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Ian Jack, while making a perfectly valid point in the Telegraph about how the method of choosing Oxford’s Professor of Poetry needs a radical rethink, tells this delightful story:
... I made the mistake of publishing a 13-word poem by Vikram Seth called “Sampati”, about the eponymous character in the Ramayana who, like Icarus, flies too near the sun. We added this information in an epigraph and footnote to the poem, without telling the poet, and Vikram was so furious that he made us publish the poem again in a later edition minus its informative dressing. This took up more space than you might think for a thirteen-word poem, because every word had a line to itself apart from “un-done”, which took up two.It is just for these sort of things that I have always liked Vikram Seth. Now I like him even more. As for the headline and the contents of this post, well, maybe you do need to read more about the poets Walcott and Padel and Arvind Krishna Mehrotra
We were only trying to help the ignorant reader, but we were definitely in the wrong. After all, how many footnotes does T.S. Eliot have? (Not enough.)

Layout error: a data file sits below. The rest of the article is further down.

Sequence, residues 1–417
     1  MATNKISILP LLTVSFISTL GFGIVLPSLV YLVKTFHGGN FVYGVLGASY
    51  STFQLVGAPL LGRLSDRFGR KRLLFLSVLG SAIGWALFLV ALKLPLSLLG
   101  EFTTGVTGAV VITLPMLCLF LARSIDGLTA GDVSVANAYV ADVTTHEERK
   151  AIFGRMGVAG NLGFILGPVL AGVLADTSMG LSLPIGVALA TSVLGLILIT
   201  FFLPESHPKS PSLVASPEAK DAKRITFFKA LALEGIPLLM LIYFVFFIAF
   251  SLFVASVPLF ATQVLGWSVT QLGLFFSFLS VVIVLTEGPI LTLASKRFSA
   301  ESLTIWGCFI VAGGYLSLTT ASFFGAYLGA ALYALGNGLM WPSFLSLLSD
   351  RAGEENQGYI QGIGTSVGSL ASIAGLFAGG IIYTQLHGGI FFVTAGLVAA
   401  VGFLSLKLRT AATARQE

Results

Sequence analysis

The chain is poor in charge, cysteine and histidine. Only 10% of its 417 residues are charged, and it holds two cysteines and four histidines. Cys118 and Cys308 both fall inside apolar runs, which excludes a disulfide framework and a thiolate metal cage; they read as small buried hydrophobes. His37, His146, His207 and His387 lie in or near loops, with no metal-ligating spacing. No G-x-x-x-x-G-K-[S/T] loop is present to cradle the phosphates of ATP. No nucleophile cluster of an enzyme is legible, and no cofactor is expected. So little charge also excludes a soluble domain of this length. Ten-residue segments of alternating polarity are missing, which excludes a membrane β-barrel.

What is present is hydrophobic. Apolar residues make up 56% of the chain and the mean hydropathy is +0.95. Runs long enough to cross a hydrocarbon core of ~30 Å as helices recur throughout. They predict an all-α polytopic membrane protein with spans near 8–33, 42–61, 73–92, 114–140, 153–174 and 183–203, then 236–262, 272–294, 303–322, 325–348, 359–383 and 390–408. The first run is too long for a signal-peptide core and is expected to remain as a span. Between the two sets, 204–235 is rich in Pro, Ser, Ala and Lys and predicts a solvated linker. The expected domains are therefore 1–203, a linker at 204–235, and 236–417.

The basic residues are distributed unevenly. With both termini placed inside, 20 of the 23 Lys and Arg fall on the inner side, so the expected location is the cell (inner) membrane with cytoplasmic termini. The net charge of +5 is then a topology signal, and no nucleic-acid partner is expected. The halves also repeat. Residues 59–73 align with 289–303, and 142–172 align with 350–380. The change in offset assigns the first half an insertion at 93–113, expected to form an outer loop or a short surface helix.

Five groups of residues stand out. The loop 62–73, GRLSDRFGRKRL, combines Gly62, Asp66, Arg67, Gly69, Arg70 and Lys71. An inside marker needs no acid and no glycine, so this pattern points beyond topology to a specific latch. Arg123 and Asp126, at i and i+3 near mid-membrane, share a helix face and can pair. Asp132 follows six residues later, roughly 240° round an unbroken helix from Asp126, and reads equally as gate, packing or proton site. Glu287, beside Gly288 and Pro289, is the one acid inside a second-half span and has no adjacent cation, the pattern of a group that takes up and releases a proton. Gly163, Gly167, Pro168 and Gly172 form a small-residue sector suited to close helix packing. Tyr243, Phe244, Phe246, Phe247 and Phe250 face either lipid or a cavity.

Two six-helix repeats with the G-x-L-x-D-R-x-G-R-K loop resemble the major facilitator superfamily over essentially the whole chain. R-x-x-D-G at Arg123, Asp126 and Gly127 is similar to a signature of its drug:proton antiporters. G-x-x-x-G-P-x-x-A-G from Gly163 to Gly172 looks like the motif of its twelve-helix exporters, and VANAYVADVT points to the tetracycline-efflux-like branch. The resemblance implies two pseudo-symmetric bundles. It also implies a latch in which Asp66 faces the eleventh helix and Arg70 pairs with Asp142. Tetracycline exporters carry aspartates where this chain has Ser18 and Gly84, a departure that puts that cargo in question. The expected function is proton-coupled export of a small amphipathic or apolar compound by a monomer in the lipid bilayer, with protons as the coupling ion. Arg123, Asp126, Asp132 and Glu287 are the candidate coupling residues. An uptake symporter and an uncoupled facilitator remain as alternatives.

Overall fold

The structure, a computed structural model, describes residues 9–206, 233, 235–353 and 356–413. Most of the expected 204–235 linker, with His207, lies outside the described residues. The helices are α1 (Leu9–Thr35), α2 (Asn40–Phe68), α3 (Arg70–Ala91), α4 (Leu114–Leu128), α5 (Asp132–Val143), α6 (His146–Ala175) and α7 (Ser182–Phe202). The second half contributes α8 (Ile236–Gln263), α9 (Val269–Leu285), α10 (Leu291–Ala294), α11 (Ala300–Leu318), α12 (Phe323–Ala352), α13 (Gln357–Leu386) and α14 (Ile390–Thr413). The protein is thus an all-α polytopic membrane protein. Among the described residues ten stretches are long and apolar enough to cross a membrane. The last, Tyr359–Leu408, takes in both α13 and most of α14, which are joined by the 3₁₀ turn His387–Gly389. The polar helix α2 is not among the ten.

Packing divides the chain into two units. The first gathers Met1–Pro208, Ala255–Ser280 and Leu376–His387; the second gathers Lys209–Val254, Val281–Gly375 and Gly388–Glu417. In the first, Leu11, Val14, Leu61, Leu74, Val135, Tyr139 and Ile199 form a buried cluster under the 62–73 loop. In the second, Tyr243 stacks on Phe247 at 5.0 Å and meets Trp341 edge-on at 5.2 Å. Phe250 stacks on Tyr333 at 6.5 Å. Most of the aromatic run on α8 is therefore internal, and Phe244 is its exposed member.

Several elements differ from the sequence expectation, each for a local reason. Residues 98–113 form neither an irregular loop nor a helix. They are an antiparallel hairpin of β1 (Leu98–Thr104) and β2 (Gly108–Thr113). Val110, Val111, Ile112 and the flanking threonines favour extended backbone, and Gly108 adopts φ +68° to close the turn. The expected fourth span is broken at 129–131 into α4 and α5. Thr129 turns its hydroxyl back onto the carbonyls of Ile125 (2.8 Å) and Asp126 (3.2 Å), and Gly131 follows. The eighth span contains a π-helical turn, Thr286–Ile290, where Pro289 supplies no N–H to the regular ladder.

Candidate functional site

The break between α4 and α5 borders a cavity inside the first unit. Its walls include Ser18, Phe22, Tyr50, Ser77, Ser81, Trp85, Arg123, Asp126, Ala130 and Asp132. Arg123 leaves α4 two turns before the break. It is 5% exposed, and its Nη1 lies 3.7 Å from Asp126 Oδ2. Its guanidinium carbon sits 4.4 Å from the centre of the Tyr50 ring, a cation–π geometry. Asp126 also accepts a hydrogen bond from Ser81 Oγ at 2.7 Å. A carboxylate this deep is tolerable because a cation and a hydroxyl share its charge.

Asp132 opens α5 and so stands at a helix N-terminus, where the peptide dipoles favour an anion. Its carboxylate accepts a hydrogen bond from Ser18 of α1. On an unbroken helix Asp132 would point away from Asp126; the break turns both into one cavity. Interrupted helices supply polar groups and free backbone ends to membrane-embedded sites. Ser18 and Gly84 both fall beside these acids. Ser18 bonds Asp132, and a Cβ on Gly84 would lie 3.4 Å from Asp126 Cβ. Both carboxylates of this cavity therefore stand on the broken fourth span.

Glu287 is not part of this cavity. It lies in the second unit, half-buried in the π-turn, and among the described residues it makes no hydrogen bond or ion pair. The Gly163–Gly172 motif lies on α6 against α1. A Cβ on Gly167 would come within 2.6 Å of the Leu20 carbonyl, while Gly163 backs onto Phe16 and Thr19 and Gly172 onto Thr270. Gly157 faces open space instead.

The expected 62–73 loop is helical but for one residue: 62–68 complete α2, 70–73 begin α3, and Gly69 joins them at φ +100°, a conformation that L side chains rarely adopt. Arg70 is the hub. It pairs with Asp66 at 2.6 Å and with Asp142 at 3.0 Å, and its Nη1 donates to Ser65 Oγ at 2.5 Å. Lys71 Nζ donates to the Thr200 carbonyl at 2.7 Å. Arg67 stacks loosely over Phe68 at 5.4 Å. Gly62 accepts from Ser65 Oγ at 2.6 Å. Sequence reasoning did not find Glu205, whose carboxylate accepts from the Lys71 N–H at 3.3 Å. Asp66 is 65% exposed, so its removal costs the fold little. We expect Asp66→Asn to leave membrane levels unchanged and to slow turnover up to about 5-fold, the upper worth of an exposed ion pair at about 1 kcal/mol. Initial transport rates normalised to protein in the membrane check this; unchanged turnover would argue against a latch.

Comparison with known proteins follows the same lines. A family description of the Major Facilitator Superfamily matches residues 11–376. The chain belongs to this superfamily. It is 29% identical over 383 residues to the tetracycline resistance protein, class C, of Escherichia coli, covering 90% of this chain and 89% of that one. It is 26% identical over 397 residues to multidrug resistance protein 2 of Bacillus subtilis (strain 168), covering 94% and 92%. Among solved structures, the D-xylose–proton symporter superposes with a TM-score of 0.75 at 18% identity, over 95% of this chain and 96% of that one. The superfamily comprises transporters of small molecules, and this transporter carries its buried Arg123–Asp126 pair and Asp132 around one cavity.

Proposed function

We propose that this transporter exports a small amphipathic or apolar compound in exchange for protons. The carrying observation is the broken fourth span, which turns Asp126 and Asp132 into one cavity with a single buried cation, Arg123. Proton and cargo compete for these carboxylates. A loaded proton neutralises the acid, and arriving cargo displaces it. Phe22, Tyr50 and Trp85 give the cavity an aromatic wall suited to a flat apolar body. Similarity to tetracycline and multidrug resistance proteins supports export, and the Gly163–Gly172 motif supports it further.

Ruth Padel, the first woman to be elected Oxford's professor of poetry, has resigned following claims she had tipped off journalists about allegations that her chief rival for the post, Derek Walcott, had sexually harassed students.
There had originally been three contenders. Walcott, Padel and Indian poet Arvind Krishna Mehrotra. After Walcott withdrew following a smear campaign, Padel expectedly went on to win the vote on May 16 against Mehrotra.
The Guardian reports:
Padel won the vote nine days ago. But in a statement tonight she said: "I genuinely believe that I did nothing intentional that led to Derek Walcott's withdrawal from the election. I wish he had not pulled out. I did not engage in a smear campaign against him, but, as a result of student concern, I naively – and with hindsight unwisely – passed on to two journalists, whom I believed to be covering the whole election responsibly, information that was already in the public domain."
She said she had acted in "good faith" and would have been "happy to lose to Derek, but I can see that people might interpret my actions otherwise. I wish to do what is best for the university and I understand that opinion there is divided. I therefore resign from the chair of poetry."
The Guardian also quotes "Amit Chaudhuri, a supporter of the campaign of Arvind Krishna Mehrotra, the remaining serious contender for the post":
"I feel bad for Ruth; and I also feel the professorship has been run dry in the worst possible way. One is left with no enthusiasm about the whole thing.
"Though I have had no opportunity to speak about this to my candidate, I am not sure whether he would want to try again, but we will see." He added: "When something gets involved in a publicity machine there is no saying where it will stop. It was Padel who instigated the publicity machine and it has gone completely out of control. It is very sad."